In a Medium post touting his Libertarian presidential candidacy, former New Mexico Gov. Gary Johnson addressed a variety of policies in his platform, including fiscally conservative policies, criminal justice reform and caution before committing troops overseas.
He also returned to what has become one of his signature issues: the legalization of marijuana.
"In 1999, I became the only sitting governor to publicly advocate the legalization of marijuana," he wrote. Sen. Bernie Sanders, I-Vt., who ran for president in 2016, "came to that viewpoint — a position that most Americans support — 16 years later."
We wondered: Is Johnson correct that "most Americans support" the "legalization of marijuana"?
We took a look at the recent polling and found that Johnson is basically on target.
It wasn’t always the case: As recently as 2005, public opinion was roughly 2-to-1 against marijuana legalization. But we found 14 polls since the beginning of 2014 that show consistent support for legalization. (The poll questions used the broad term "legalization" without providing specifics about how the drug would be sold or whether there would be restrictions on how it could be used.)
Here’s a full list of those 14 polls since the start of 2014, drawn from the public opinion archive PollingReport.com:
In 12 of these 14 polls, an outright majority of respondents -- 50 percent or more -- supported legalization. As for the other two polls, legalization led in one by 48 percent to 47 percent and in the other by 49 percent to 48 percent.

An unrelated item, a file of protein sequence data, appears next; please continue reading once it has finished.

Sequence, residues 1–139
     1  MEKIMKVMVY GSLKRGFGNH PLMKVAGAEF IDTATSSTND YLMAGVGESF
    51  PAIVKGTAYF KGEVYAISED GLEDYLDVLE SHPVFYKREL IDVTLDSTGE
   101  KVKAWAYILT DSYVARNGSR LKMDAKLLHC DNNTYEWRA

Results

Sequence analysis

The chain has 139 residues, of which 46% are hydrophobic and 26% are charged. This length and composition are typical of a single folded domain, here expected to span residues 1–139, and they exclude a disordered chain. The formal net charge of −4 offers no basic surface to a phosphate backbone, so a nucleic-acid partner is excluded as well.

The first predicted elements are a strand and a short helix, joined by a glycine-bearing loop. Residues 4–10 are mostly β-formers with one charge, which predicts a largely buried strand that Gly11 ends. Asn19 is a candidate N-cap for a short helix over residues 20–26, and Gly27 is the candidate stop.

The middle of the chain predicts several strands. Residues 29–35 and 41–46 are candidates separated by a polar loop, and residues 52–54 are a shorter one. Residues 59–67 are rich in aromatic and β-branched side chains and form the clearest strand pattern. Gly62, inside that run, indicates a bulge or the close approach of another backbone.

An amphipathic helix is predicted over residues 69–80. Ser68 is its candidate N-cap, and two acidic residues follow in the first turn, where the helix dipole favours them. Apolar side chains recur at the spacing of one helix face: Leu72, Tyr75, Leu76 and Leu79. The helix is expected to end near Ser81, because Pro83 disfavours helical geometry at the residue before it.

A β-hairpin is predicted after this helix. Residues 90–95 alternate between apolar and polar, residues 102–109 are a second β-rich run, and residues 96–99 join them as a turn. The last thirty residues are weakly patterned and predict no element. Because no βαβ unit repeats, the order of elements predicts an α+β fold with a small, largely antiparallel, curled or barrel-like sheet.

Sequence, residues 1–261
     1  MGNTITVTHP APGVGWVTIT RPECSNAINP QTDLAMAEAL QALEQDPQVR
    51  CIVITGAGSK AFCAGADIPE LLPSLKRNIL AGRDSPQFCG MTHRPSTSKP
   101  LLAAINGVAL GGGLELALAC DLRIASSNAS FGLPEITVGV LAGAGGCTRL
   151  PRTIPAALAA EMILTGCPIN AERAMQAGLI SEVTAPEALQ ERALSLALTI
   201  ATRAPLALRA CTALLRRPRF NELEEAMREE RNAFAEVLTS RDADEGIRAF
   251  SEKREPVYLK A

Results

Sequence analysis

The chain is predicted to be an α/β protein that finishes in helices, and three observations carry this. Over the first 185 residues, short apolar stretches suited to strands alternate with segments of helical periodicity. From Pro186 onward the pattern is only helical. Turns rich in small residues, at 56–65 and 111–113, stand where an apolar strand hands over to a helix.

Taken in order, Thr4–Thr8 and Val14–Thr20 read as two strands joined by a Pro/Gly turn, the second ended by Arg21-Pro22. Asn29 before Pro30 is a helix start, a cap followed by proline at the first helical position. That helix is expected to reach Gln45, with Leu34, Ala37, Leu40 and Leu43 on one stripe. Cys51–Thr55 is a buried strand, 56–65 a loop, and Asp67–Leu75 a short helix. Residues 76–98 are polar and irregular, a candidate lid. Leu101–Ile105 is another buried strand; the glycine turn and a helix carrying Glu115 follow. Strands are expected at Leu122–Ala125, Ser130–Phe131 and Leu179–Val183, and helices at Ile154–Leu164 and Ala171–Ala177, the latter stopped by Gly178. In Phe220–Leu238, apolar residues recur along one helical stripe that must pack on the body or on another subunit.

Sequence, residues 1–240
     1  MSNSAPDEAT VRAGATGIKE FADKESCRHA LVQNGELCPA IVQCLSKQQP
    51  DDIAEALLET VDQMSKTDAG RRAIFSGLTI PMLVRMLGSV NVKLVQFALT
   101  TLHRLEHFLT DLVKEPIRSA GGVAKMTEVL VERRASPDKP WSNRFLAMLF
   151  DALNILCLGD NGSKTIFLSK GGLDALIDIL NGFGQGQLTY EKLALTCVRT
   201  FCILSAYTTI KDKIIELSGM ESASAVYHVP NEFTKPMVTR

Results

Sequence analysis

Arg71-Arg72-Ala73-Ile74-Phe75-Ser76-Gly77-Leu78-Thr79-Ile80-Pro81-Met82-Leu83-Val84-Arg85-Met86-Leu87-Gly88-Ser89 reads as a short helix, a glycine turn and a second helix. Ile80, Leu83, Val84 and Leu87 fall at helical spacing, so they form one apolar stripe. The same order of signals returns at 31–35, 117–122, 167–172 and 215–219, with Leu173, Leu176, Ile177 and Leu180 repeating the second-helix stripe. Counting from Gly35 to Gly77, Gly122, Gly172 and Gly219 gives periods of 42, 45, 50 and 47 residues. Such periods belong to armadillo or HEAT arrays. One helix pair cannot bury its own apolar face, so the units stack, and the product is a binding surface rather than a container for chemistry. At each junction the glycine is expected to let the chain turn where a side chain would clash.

Overall, if you average the 14 polls, legalization led by a 53 percent-44 percent margin.
Joe Hunter, the communications director for Johnson and his running mate, former Massachusetts Gov. William Weld, said the "most reliable data, when available, is derived from asking the same question over time, with the same methodology. Of the major polling organizations, Gallup is the one who has done that."
During the time frame we looked at, Gallup asked the question twice, once finding an 18-point edge for legalization and the other time finding a four-point margin. The most recent Gallup poll before that, taken in 2013, found a 19-point lead for legalization.
Johnson said that "most Americans support" the "legalization of marijuana." All the polling since the start of 2014 -- 14 polls in all -- shows that legalization leads the status quo. Twelve of those 14 polls showed an absolute majority level of support. We rate Johnson’s statement True.